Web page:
The United Service Magazine, 47. köide,lk 1

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H. Colburn, 1845
 

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Page 74 - Guard them, and him within protect from harms. He can requite thee; for he knows the charms That call fame on such gentle acts as these, And he can spread thy name o'er lands and seas, Whatever clime the sun's bright circle warms. Lift not thy spear against the Muses...
Page 140 - From the rich peasant cheek of ruddy bronze, And large black eyes that flash on you a volley Of rays that say a thousand things at once, To the high dama's brow, more melancholy, But clear, and with a wild and liquid glance, Heart on her lips, and soul within her eyes, Soft as her clime, and sunny as her skies.
Page 487 - Something must be left to chance ; nothing is sure in a Sea Fight beyond all others. Shot will carry away the masts and yards of friends as well as foes ; but I look with confidence to a Victory before the Van of the Enemy could succour their Rear...
Page 487 - The second in command will in all possible things direct the movements of his line by keeping them as compact as the nature of the circumstances will admit. Captains are to look to their particular line as their rallying point. But, in case signals can neither be seen or perfectly understood, no captain can do very wrong if he places his ship alongside that of an enemy.
Page 417 - Together with that pale, that white-faced shore, Whose foot spurns back the ocean's roaring tides And coops from other lands her islanders...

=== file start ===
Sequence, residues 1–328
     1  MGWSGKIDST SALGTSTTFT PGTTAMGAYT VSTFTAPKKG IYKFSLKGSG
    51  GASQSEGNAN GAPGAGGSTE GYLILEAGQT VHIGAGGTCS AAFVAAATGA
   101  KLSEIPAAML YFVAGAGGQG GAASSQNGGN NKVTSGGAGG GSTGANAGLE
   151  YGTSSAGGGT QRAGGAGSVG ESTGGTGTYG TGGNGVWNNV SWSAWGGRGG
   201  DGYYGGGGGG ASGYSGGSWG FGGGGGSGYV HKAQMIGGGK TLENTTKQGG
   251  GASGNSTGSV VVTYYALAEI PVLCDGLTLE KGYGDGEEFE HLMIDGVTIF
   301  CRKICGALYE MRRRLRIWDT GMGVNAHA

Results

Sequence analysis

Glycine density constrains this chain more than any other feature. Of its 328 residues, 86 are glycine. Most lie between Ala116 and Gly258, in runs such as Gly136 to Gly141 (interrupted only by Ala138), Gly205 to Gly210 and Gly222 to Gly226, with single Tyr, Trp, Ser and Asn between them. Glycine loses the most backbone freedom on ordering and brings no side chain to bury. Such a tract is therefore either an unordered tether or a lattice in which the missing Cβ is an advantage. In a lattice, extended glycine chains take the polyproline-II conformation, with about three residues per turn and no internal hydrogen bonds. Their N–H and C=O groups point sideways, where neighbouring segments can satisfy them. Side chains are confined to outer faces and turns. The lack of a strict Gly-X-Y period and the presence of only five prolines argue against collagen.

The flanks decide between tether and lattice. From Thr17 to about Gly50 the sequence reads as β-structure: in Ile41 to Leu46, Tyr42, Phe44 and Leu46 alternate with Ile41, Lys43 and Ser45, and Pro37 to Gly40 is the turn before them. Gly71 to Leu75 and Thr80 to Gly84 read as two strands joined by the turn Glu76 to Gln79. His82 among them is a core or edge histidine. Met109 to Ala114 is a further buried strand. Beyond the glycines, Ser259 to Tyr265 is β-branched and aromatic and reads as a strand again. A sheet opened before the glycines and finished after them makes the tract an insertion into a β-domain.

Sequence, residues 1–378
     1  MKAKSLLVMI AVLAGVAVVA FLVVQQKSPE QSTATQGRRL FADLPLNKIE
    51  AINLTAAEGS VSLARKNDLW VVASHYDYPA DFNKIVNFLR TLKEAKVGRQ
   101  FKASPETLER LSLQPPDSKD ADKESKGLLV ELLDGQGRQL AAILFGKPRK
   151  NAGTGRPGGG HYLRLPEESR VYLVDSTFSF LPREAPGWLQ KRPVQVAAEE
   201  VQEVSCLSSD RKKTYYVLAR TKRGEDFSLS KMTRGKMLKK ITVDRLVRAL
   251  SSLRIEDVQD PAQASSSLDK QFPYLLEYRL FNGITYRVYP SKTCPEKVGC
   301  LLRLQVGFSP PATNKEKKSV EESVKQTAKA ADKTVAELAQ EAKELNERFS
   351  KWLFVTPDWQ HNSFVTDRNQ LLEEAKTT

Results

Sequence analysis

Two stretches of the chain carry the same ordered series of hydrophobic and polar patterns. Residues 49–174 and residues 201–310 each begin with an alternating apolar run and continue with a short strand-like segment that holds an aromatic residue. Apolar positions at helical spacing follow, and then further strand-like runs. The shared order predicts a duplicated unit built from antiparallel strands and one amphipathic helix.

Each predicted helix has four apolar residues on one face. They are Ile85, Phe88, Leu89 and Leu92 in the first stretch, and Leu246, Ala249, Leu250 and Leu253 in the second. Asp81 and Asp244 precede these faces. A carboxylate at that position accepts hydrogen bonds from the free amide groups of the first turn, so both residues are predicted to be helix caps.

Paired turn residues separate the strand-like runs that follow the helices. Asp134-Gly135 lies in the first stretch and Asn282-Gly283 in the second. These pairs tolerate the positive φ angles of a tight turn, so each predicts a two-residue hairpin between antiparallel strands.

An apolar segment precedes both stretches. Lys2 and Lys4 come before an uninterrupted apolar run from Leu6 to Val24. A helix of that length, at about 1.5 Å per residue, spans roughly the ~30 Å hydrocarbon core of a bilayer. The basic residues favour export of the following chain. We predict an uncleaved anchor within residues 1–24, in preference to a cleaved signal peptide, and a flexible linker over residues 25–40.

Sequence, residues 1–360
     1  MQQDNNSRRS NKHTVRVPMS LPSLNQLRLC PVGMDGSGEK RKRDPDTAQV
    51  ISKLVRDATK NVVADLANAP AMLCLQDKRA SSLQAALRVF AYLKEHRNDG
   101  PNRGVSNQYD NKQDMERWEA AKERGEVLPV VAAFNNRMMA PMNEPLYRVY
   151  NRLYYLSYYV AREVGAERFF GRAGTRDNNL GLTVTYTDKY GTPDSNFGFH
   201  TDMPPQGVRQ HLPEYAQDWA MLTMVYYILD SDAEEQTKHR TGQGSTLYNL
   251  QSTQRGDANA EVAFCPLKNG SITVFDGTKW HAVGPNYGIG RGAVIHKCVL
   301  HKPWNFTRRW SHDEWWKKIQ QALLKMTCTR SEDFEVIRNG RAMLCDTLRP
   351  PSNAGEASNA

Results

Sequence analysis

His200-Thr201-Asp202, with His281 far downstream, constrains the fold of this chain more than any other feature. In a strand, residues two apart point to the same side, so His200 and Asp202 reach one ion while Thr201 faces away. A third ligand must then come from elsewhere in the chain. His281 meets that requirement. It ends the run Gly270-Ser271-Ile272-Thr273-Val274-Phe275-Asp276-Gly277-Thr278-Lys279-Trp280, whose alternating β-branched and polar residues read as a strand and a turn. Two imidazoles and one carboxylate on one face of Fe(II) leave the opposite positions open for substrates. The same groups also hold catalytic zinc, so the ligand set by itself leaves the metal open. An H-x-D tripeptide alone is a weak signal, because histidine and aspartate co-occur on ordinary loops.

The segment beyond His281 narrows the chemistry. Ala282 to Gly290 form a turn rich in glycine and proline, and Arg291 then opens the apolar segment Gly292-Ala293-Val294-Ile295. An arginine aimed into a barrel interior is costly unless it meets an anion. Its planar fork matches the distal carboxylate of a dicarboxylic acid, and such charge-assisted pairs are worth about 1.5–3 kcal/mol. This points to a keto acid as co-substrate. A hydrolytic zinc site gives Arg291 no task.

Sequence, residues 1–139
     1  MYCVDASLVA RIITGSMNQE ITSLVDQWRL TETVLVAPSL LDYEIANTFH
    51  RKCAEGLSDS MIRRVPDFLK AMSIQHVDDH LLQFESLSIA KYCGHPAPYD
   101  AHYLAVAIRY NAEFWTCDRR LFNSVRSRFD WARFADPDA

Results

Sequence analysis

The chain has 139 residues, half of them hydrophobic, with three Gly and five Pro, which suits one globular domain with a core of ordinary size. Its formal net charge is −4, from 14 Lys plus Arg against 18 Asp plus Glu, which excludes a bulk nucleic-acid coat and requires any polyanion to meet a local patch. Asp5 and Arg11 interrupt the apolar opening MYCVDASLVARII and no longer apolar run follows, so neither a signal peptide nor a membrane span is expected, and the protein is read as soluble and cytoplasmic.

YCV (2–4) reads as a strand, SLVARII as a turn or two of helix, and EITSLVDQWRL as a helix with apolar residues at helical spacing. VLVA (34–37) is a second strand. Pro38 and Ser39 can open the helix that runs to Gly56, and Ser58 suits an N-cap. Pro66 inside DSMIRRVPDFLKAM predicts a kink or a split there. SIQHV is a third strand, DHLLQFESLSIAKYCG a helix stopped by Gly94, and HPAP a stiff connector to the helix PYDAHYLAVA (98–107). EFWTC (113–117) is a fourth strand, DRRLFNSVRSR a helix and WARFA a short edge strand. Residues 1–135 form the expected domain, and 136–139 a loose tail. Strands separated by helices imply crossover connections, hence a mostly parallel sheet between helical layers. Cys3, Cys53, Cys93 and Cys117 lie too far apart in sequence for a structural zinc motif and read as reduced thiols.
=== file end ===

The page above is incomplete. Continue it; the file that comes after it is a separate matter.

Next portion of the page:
Page 76 - Is then no nook of English ground secure From rash assault ? * Schemes of retirement sown In youth, and 'mid the busy world kept pure As when their earliest flowers of hope were blown, Must perish ; — how can they this blight endure ? And must he too the ruthless change bemoan Who scorns a false utilitarian lure 'Mid his paternal fields at random thrown ? Baffle the threat, bright Scene, from Orresthead Given to the pausing traveller's rapturous glance : Plead for thy peace, thou beautiful romance...
Page 140 - Negro espies his fellow at the end of the street, and rather than join him in a tete-a-tete, he will carry on a conversation with him for several hours at the top of his voice, to the unspeakable annoyance, perhaps the scandal , of all those who may occupy the intermediate houses. Should the wind blow off his hat and warn him to depart, he will continue the conversation and let...
Page 124 - I saw a, smith stand with his hammer thus, The whilst his iron did on the anvil cool, With open mouth, swallowing a tailor's news...
Page 236 - If the sabre is near your neck, dodge back one step, and push on again. Stab the second ! — stab the third! A hero will stab half a dozen. Be sure your ball's in your gun ! If three attack you, stab the first, fire on the second, and bayonet the third ! — This seldom happens.
Page 308 - The weather became thick, and he missed his port, but knowing that this ship was working along the coast, anchored for the night, and pulled to the southward. On the morning of the 13th he discovered a brig at anchor, without colours, and saw her slip and make sail, on which he gave chase. Being to windward, and the breeze light, he was enabled to approach her weather beam, and fire a musket ahead to induce her to heave to, and show her colours ; this and a second...

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